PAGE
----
In A swan song for the music industry [pdf], Hiawatha Bray points to what might be the Achilles Heel of INDUCE/IICA — realization that it’s a threat to Betamax. If that worries Bray, it’s bound to worry a large part of the population that otherwise would support Hatch’s efforts — of course, Hatch insists that’s not the likely consequence of the act, but Marybeth’s fawning performance may have tainted that perception for good:
For those of us who despise the file-swappers as larcenous hypocrites, it’s not a happy verdict. But it’s well nigh impossible to dispute it. The judges simply pointed to a crucial 1984 Supreme Court decision that protected the rights of Americans to own videotape recorders. The movie industry scowled that these devices would enable people to practice a lively trade in pirated movies. The court responded that VCRs could also enable a fellow working the night shift to watch “The Waltons” when he got home. And because the technology had “substantial noninfringing uses,” VCRs could not be banned, even if they could also be used for illegal purposes.
The so-called “Betamax case” liberated technologists to create CD and DVD burners, portable MP3 music players, and music-ripping software, secure in the knowledge that they couldn’t be sued for it.
[...] Republican Senator Orrin Hatch of Utah must have seen this coming. Hatch went out on a limb a few months back, proposing a federal law that would ban products that sought to “induce” copyright violations. In this space, I defended Hatch against the scorn of outraged technologists, who insisted the new law would have stifled the invention of the Apple iPod and other tech goodies.
But I changed my mind when Marybeth Peters, the chief of the US Copyright Office, praised the Hatch bill because it would undermine the Betamax case. If that happened, the next generation of digital marvels would be buried in an avalanche of injunctions, depositions, and discovery motions. No thanks, Marybeth. We’d rather learn to live with digital thievery.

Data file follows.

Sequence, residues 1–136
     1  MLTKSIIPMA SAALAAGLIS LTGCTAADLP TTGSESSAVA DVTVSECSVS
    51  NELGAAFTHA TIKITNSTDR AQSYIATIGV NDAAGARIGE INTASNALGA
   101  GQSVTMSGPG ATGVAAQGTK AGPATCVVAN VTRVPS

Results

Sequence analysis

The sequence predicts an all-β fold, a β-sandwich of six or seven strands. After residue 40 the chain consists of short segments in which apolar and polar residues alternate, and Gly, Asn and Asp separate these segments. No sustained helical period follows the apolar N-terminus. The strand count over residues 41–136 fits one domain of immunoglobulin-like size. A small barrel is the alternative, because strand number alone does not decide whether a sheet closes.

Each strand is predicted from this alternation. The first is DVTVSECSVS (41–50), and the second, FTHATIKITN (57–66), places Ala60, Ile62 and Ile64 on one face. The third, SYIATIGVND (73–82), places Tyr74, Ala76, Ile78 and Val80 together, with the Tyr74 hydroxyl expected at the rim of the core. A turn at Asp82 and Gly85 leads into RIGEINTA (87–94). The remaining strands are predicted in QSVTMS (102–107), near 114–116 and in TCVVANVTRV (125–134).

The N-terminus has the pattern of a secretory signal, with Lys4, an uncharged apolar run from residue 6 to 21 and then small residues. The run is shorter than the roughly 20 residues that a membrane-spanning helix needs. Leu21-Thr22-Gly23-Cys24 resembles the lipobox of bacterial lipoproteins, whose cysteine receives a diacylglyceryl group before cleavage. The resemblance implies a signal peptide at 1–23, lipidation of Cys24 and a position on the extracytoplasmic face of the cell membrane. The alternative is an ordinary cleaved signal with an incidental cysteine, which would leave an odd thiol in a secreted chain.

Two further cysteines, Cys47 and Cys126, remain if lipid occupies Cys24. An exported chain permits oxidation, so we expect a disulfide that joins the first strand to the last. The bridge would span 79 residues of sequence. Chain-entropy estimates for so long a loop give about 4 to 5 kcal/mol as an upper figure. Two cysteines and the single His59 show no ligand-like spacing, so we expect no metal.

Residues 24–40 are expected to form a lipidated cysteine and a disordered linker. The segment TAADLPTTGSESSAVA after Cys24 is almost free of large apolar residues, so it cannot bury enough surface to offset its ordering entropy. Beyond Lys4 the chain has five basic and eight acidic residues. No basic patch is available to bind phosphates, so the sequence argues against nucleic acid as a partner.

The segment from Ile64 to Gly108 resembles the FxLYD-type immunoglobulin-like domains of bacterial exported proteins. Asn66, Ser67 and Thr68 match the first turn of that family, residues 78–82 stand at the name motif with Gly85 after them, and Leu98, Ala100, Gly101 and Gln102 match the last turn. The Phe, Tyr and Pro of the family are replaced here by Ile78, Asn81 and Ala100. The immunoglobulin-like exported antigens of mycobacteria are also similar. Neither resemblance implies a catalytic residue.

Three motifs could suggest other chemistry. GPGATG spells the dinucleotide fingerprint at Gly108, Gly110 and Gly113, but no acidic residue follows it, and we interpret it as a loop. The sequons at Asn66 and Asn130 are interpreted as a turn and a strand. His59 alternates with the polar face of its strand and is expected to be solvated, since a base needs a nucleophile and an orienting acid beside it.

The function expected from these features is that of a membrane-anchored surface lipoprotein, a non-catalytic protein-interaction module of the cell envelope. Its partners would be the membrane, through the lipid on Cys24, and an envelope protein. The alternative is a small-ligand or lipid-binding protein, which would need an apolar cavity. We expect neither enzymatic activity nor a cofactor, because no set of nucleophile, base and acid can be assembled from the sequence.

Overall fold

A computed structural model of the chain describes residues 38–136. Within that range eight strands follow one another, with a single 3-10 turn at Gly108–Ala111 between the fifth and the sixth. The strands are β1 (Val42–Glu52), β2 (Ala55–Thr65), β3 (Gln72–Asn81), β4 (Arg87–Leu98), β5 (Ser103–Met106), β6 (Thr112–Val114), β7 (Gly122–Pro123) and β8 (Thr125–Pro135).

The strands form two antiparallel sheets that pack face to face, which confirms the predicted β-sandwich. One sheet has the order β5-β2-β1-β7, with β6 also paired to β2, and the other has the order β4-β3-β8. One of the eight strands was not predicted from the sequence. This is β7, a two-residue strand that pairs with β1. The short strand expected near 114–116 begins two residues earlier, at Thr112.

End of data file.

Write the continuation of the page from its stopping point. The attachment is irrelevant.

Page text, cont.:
Note that a letter in today’s NYTimes [pdf] parrots the current industry strategy — we’ll float IICA and, if you think it’s so bad, you tell us how to fix it so we can get what we want:
To the Editor:
“In-House Advice” (editorial, Aug. 17) correctly articulates the need for balance in our nation’s intellectual property laws. What is happening to copyright owners on today’s file-sharing networks, though, is a one-sided mauling in which millions of users illegally download music while loopholes in the laws allow those who facilitate the theft in the first place to escape accountability.
Congress appropriately wants to do something about this crisis. It makes sense to apply the “aiding and abetting” legal concept to the copyright laws - to get at those who deliberately immunize themselves from liability by passing on their liability to kids and other users.
If there are concerns about the Induce Act’s scope, let’s work constructively to address them. We, too, want to see technology flourish. But what of the legitimate online entertainment services forced to compete against stolen copies of the same product offered for free? That’s a decidedly unbalanced playing field.
Chairman, Recording Industry Association of America
Washington, Aug. 18, 2004
Related: Music stores lack excitement, executive says [pdf]
Music mogul Clive Davis has some advice for retailers looking to persuade music fans to return to traditional record shops: Make shopping more fun.
“You are faced with a major threat . . . competition from digital distribution,” Davis warned merchants and recording industry executives at a conference yesterday.
The chairman and chief executive of BMG North America compared the choice between buying music online or in a store to eating dinner at a restaurant or at home. “It’s fun to shop for music . . . and you’re not making it a fun experience,” he said. “You have got to make it exciting.”